A Deep Secret That Labor Unions Don't Want Workers to Know
Labor unions often claim to favor democracy in the workplace in principle, but in practice is another story. Big Labor’s recent push for the so-called Employee Free Choice Act (EFCA), which would have allowed unions to circumvent secret ballot elections through card check organizing, is one major example. EFCA failed in Congress, but rules for voting a union out still heavily favor union bosses over workers. Unless this changes, union bosses will continue to undermined American workers’ freedom of association.
However, workers have an option they should know about. The National Labor Relations Act (NLRA) has a provision that may be the best kept secret in labor law. Known as de-authorization, it allows workers to opt out of joining a union as a condition of employment.
It is, quite simply, nearly impossible for workers to get rid of a union once it has been certified as their monopoly bargaining representative. The NLRA does not require an election at the end of a designated term—such as a given time period or after the expiration of a contract—to allow workers to decide whether they want to continue being represented by the incumbent union or not. In fact, some workers may never get the opportunity to decertify a union they don’t want representing them.
In non-right to work states, private sector workers employed in union shops are required to join the union as a condition of employment. If they decide they don’t want the union representing them, their only option is a decertification election, held after the expiration of a contract or a narrow 30-day window near the end of the third year of a contract. The union can circumvent a time window by agreeing to a new contract before the window opens—thus moving the window to the end of the new contract, when they can move it again.
For workers unsatisfied with a union’s representation, this can be a frustrating process. After all, less than 10 percent of America’s current union members have voted to have a union in their workplace—in many cases the union was already established and the worker had to join as a condition of employment.
Unlike decertification, a de-authorization election can take place at any time. It does not remove either the union as workers’ exclusive bargaining representative or workers’ obligation to abide by the collective bargaining agreement (the contract). It simply removes the union security clause from the contract, giving workers the choice of whether they want to be members of the union. If the workers are successful in de-authorizing a union, they are free to resign their memberships and stop paying union dues—thus creating a de facto right-to-work environment.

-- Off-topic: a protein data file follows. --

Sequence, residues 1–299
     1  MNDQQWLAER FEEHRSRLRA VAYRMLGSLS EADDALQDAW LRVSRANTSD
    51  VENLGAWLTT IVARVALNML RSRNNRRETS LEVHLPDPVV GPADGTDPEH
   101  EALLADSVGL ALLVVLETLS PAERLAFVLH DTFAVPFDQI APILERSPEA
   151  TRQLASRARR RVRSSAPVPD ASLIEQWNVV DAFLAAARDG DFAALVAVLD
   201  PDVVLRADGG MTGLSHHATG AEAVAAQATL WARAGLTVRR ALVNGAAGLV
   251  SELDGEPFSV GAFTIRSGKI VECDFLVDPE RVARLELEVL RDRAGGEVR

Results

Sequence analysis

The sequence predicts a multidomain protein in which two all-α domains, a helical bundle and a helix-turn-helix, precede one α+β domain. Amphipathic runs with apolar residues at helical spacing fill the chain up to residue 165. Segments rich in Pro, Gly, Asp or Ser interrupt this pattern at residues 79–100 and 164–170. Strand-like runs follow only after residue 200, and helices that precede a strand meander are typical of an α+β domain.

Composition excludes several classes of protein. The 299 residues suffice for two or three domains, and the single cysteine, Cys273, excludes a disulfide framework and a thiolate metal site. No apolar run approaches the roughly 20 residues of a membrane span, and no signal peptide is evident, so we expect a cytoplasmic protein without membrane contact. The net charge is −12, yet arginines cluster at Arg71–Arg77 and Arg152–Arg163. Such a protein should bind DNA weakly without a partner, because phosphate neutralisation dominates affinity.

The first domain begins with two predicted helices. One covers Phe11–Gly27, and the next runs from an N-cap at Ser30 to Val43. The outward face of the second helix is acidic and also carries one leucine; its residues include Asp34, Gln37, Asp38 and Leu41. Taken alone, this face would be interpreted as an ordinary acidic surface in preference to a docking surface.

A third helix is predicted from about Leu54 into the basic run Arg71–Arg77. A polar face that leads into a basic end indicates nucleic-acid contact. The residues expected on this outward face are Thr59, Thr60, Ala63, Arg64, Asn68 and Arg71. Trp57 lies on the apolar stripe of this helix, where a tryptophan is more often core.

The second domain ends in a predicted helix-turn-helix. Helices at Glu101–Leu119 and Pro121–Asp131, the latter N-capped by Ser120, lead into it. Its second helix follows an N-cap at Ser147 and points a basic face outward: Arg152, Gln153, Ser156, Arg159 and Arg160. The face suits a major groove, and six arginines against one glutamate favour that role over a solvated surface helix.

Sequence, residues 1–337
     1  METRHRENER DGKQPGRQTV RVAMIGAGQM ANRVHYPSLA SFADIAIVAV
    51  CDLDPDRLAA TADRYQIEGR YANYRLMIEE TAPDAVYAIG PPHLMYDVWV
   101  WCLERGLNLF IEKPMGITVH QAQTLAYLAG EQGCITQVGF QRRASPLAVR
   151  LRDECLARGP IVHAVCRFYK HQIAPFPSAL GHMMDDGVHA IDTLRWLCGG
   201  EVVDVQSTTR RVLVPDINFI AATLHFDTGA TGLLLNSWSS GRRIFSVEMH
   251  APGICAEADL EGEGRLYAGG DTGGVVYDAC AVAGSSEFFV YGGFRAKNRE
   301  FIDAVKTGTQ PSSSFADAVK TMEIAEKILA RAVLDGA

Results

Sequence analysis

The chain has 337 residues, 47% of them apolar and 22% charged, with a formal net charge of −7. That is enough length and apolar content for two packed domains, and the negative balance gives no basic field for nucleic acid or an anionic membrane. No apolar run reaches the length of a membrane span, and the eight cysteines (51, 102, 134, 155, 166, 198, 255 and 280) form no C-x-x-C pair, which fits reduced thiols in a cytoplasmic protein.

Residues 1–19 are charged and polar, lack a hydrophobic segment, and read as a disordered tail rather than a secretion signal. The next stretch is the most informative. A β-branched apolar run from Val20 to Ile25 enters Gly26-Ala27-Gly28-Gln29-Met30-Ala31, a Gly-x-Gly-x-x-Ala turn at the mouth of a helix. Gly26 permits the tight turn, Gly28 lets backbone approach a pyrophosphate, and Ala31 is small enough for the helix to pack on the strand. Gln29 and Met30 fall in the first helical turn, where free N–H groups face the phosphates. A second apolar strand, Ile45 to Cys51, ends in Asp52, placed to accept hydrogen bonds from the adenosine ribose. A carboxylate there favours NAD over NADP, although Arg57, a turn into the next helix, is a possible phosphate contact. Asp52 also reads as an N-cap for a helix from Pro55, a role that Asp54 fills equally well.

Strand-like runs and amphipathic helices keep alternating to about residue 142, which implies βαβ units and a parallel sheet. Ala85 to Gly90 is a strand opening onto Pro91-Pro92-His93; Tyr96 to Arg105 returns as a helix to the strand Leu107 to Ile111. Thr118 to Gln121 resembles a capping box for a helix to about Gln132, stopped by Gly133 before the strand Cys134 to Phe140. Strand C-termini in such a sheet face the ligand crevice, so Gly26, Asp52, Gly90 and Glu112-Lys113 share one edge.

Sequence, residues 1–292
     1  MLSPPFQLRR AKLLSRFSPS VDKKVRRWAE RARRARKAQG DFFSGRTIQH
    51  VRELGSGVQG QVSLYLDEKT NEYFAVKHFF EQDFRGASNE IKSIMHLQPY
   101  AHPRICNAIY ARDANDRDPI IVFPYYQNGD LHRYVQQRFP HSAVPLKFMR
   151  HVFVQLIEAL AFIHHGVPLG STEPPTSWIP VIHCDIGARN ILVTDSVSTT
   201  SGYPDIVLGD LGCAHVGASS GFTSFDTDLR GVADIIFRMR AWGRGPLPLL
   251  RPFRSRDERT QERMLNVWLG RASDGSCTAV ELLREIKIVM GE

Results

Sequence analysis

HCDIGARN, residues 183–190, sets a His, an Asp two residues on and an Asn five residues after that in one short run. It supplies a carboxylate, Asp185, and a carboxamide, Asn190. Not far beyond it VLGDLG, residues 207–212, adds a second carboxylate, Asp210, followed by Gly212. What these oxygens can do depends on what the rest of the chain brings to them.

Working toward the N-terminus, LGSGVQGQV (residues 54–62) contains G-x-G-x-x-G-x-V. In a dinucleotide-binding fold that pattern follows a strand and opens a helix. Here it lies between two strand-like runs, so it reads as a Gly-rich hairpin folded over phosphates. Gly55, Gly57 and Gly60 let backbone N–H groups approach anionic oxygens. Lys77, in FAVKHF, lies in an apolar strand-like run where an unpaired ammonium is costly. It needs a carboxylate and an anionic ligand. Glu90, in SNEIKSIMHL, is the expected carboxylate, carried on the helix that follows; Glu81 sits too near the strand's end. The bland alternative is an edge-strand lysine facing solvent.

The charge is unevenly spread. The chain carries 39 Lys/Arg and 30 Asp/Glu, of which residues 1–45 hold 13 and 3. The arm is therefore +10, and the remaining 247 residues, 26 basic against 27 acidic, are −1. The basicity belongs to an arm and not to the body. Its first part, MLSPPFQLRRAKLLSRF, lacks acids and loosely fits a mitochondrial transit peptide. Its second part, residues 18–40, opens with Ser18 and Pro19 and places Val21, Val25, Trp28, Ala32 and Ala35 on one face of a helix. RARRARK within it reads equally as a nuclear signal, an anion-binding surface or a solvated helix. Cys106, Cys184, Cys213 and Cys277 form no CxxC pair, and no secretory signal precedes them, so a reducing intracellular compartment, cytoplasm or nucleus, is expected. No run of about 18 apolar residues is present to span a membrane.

While de-authorization provides an outlet for workers who wish to exercise the rights of free association, the process is difficult. Workers who want to rid themselves of a union are completely on their own. Obviously the union will not help them and the company is forbidden to help by law. The company cannot even let the workers so much as use a copier for the petitions, which would be considered “aiding” the de-authorization effort.
Moreover, most union constitutions consider any attempt by a member to secede from the union—including on an individual basis—a punishable offense that can result in steep fines and even termination of employment.
Despite these uphill battles, de-authorization provides a viable solution for workers who cannot wait years to rid themselves of a union whose representation they do not want.
Private sector workers around the nation already have the de-authorization option available to them through the NLRA. However, the average worker does not know about these rights. More should be done to educate the rank and file union members of America. This could include posters notifying workers of their rights, similar to the Beck notices which the Obama administration recently pulled down, as well as email notifications.
Congress should also consider changing the election requirements for de-authorizations to bring them in line with other elections under the NLRA. Unlike other NLRA elections, which require a majority of votes cast, a successful de-authorization currently requires for 50 percent plus one of all workers in the bargaining unit. With a little knowledge and a level playing field, workers could enact right to work protections one company at a time.
For public sector workers, Governor Scott Walker’s reforms in Wisconsin point the way forward. Once state employees were no longer required to maintain union membership to keep their jobs, they left public sector unions in droves. Currently, 24 states do not allow public employees to de-authorize their unions. Governors and legislators in those states now have an opportunity to revamp their labor laws for state and municipal workers to give them a real choice.